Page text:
About a year ago, I started working at a spice shop.
At first, I couldn’t get enough. I had never been around so many spices in my life, and in such quantities- it was beautiful. I’d gaze into a massive pile of Persian Lime Curry, full of tart Omani black limes and maple-scented fenugreek leaves, and with a tiny metal scoop fill jar upon jar until I had filled hundreds, lined up in military neat rows, little canisters that contained a full sensory experience compressed into one half-cup glass jar. We made thousands of jars of everything in the shop, which was ground fresh on the spot in a tiny, hot room in the back and delivered to us in massive silver mixing bowls the size of sleds, like various fragrant piles of sand.
The smell, yes, was almost always phenomenal, but what amazed me was how sensual spices are. I wanted to plunge my entire hands, up to the wrists, into the piles of spices that I was working with and really feel them. I wanted to pack together handfuls of sticky, ground sumac and build sandcastles. I could see every grain of granulated garlic as it interacted with every other grain of granulated garlic as I poured thousands and thousands of them together and watched the way they fell into jars, watched their current, their speed, their viscosity.
When I stocked curry, or turmeric, my hands and fingernails were stained yellow for days. I joked about jaundice. My sleeves became casualties as well, and I learned quickly not to wear clothes I actually cared about. Everything would end up coated in a fine layer of spice dust anyway, but I loved taking it home with me. My clothes smelled, then my hair smelled like cinnamon, and even my car. I found stray whole nutmegs in all my pockets, cinnamon sticks, stringy hunks of dry ginger. I had peppercorns in my shoes. I have always loved and been sensitive to smells, so when I began to work overtime and the overwhelmingly delicious fragrance of the shop itself normalized and faded away, I was grateful my palette had now cleared itself to allow me to smell individual scents with even more precision than before. Oh yes, the smells.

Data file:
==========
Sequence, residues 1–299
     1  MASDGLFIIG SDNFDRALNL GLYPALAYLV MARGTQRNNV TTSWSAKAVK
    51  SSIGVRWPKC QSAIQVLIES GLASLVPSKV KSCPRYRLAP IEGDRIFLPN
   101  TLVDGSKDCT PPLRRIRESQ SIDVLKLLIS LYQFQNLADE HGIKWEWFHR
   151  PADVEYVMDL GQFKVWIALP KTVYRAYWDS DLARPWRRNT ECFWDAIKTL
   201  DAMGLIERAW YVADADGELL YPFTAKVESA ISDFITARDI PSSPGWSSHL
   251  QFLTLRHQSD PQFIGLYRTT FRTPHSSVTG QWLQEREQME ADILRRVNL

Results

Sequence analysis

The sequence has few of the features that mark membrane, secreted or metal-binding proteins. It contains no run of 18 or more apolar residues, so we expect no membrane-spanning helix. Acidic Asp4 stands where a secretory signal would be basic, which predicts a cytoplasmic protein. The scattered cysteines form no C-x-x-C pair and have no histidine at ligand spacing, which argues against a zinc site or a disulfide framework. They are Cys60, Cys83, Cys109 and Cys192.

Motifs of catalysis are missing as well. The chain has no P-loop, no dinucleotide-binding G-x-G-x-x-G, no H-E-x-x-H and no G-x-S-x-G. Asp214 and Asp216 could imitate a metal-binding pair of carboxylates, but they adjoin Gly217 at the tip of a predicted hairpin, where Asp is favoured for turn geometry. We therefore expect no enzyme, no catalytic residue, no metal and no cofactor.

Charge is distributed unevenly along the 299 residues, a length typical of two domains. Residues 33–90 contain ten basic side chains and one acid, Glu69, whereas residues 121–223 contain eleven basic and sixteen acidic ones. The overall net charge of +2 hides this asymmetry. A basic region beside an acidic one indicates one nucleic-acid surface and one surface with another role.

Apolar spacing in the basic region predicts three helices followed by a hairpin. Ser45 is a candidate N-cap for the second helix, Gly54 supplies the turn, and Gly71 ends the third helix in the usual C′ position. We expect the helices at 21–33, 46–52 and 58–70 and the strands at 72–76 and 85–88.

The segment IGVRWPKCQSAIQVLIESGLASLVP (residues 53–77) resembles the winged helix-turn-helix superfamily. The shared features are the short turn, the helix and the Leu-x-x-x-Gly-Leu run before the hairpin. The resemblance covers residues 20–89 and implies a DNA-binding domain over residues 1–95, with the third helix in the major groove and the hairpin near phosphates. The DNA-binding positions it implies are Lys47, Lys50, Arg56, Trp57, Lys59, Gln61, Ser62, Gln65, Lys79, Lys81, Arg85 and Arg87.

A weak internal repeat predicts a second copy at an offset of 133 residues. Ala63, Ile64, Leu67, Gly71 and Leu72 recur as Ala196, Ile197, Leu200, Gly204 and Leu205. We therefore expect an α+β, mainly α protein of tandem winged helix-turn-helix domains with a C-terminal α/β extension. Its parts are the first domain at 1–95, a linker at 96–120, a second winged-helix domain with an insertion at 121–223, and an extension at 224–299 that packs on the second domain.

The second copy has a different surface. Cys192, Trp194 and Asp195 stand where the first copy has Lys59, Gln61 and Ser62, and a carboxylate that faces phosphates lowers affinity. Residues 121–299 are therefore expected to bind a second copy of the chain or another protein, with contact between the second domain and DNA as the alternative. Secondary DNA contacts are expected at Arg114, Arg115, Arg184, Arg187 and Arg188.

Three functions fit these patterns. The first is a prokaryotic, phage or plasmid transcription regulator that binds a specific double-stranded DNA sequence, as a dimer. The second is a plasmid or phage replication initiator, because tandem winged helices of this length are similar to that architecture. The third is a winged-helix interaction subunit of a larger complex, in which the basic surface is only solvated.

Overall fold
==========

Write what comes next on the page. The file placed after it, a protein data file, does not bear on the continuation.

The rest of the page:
There was one cinnamon in particular, the Saigon cinnamon, that I loved interacting with. The strongest and spiciest of all the cinnamons, it’s an immediate favorite for most of our customers who have never smelled anything but the typical grocery store cinnamon, usually the much more moderate and sweet Korintje, from Indonesia. It smells like a Red Hot candy, they say, or Big Red gum. And when they taste it, they can’t believe that cinnamon can naturally be so sweet, and so hot. Chew on a chip of the bark to freshen your breath, we say as we offer them a piece, but be careful. It’s hotter than some chiles.
The Saigon cinnamon is ground there in the shop, and when it’s being ground, everybody knows. You’d walk into the back to find a box of Moroccan Thyme and immediately be greeted by a ruddy haze that burned your eyes and forced dry coughs from your chest. There’d be sweetness on your tongue, even though you hadn’t eaten for hours. I loved being the one to receive the first bowl of freshly ground Saigon, the reddest, the fieriest, the Medusa of cinnamons. My mouth would salivate as I put the powdery substance into jars, the stuff that could not be tamed and that puffed up in temperamental clouds that you’d inevitably inhale every time you tried to contain it.
One day, I hated it. It was like a switch had flipped, and overnight I went from being unable to get enough, from sneaking bites of spicy, chewy cinnamon bark chips and letting my eyes water as I packaged gift boxes, feeling the spot where the cinnamon stayed nestled under my tongue burn and sear, to feeling my mouth fill with the kind of saliva that can only mean you’re about to vomit as soon as I caught whiff of the stuff. I stopped what I was doing, and I hurried past the cluttered mess that was our shop during the holiday season, past the man in the respirator mixing smoked paprika into bowls as big as sleds and into the bathroom, where I spat saliva into the toilet for a few minutes and then returned to my job.